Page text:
“Build your confidence by associating with those that want a sip.”

Chef Yaku Moton-Spruill is a man on the rise. Featured on the Food Network and a rising star in the Bay Area’s culinary scene, 36-year-old Moton-Spruill is a big man with style and swagger to match.

Raised in Inkster, Michigan, Moton-Spruill credits the women in his life with influencing his career and his love for food and family. Read on to find out more about this Food Network star, how he gives back to the community and what makes him a fly, dope chef.

Yaku Moton-Spruill Food Network

Photo: Food Network

CHUBSTR: What inspired you to become a chef?
Yaku Moton-Spruill: I was mainly inspired by watching my grandmother cook for our family. She would be so happy just watching everyone eat. Because of that, food became a bridge for me to communicate my love and show people how much I care about them.

CHUBSTR: What have been the top three moments of your career thus far?
YMS: First and foremost, appearing on the Food Network. It’s been a pleasure to cater for some of my favorite old school groups like Jagged Edge, 112, Next, Guy, and Ginuwine, as well. But my real personal achievement was mastering my grandmother’s sweet potato pie!

Food Network Yaku Moton-Spruill

Photo: Food Network

CHUBSTR: How did your chance to compete on TV come about?
YMS: I was given my first shot at cooking on TV after I was unjustly let go from a previous job for taking my son to the ER. I got on Craigslist and started sending my resume to a few jobs when I saw that NBC was looking for chefs to compete in their first competitive cooking chef called Food Fighters.

After appearing on Food Fighters, I was given an opportunity to compete on Food Network’s Cutthroat Kitchen with three appearances including the Evilicious finale. From there I was chosen to be a finalist on Food Network Star Season 12, where I was eliminated but won a six-round competition called Star Salvation in which I made my way back to Food Network Star as a finalist. But then they played me. After a year-long break from TV, Food Network called and asked me to compete in this year’s Comeback Kitchen where I definitely showed growth and far exceeding my own expectations for myself.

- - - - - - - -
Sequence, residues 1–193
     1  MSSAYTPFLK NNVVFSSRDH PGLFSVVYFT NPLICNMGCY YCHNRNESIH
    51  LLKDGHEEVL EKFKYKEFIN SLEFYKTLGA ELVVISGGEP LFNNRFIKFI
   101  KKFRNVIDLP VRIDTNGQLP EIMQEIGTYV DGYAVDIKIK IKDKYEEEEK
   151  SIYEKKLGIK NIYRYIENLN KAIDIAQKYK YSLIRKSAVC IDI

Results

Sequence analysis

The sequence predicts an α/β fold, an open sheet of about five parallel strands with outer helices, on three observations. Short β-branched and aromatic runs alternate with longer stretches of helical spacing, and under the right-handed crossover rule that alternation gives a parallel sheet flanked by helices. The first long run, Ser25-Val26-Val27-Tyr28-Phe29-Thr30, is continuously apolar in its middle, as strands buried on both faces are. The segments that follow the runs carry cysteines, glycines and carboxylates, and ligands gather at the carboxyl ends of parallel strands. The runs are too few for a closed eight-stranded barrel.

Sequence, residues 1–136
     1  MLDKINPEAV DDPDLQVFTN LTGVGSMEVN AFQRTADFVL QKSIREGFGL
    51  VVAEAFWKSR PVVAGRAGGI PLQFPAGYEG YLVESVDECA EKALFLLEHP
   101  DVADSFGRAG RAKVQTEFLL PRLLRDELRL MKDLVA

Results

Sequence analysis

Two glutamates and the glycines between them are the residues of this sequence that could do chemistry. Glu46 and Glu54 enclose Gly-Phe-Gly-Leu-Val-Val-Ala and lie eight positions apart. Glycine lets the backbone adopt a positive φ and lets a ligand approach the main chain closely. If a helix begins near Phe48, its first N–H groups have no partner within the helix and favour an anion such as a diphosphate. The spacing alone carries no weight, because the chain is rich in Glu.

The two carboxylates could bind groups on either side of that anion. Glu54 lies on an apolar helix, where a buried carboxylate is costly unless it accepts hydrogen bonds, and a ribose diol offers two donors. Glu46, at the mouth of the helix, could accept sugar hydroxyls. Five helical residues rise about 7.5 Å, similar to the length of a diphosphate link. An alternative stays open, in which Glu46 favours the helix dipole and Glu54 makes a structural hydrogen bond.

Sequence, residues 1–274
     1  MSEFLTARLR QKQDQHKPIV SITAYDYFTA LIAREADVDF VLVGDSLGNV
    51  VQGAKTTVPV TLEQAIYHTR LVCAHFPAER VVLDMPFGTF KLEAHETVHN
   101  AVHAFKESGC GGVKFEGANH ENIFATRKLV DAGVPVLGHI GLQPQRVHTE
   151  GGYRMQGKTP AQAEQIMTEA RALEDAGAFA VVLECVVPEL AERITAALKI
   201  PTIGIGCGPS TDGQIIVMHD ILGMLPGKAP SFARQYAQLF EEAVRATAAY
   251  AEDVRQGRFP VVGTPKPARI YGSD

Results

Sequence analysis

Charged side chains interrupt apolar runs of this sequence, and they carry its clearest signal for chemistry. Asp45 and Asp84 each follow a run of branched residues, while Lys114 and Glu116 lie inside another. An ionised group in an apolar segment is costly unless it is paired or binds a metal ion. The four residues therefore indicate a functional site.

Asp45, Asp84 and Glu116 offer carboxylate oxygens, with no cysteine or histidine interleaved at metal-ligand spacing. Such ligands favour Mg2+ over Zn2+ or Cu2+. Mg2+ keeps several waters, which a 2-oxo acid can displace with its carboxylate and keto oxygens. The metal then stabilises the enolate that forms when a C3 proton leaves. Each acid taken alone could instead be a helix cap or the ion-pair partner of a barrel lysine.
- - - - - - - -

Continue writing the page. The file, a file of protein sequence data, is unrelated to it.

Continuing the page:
If it wasn’t for the positive people that I had around me, I don’t know where I would be right now, so I feel it’s important for me to give back.

Appearing on Food Network was a dream of mine. I remember telling the people in my culinary school that I wanted to cook on TV and some of them laughed at me. But I can honestly say that I accomplished one of my dreams. From the moment I made my first appearance on tv I felt like it gave my career a boost, almost like a stamp of approval. Food Network is a trusted brand so just appearing on that network allowed me to not be seen as just this giant black guy but a chef that’s backed by a huge brand.

Now when I go into clients homes I feel that it’s not only my flavorful food but my larger than life personality that they expect which is cool cause I get to really just be myself. It also has allowed me to run my own business which allows me to not work the crazy chef hours and be there for my wife and kids who are most important to me.

Yaku Moton Spruill

CHUBSTR: You’re an inspiration to many within the quickly-changing Bay Area. What do you do to give back to the community and stay community-focused within your business?
YMS: I run a teen cooking program called Primed and Prepped which is located at the Bayview YMCA in San Francisco. It’s a cooking and life skills program for at-risk youth ages 14-24. We teach them kitchen skills, get their food handlers card and train them thru workforce development, eventually earning them internships and jobs with local hotels that we have partnered with.